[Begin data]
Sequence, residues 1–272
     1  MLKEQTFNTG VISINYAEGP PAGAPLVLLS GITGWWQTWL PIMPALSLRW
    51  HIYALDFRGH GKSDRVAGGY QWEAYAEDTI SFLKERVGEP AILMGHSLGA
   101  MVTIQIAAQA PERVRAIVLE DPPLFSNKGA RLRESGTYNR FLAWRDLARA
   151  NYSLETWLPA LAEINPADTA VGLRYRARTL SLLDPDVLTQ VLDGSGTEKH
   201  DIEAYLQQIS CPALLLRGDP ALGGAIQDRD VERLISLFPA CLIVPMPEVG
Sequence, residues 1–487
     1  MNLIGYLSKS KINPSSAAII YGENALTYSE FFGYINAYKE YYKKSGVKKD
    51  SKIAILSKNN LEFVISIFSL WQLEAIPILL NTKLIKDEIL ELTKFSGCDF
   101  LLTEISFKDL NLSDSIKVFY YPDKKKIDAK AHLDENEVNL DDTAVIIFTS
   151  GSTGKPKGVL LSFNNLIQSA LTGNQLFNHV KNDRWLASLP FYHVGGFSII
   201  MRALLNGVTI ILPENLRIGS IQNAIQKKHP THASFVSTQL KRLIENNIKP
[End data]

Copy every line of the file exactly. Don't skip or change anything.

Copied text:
Sequence, residues 1–272
     1  MLKEQTFNTG VISINYAEGP PAGAPLVLLS GITGWWQTWL PIMPALSLRW
    51  HIYALDFRGH GKSDRVAGGY QWEAYAEDTI SFLKERVGEP AILMGHSLGA
   101  MVTIQIAAQA PERVRAIVLE DPPLFSNKGA RLRESGTYNR FLAWRDLARA
   151  NYSLETWLPA LAEINPADTA VGLRYRARTL SLLDPDVLTQ VLDGSGTEKH
   201  DIEAYLQQIS CPALLLRGDP ALGGAIQDRD VERLISLFPA CLIVPMPEVG
Sequence, residues 1–487
     1  MNLIGYLSKS KINPSSAAII YGENALTYSE FFGYINAYKE YYKKSGVKKD
    51  SKIAILSKNN LEFVISIFSL WQLEAIPILL NTKLIKDEIL ELTKFSGCDF
   101  LLTEISFKDL NLSDSIKVFY YPDKKKIDAK AHLDENEVNL DDTAVIIFTS
   151  GSTGKPKGVL LSFNNLIQSA LTGNQLFNHV KNDRWLASLP FYHVGGFSII
   201  MRALLNGVTI ILPENLRIGS IQNAIQKKHP THASFVSTQL KRLIENNIKP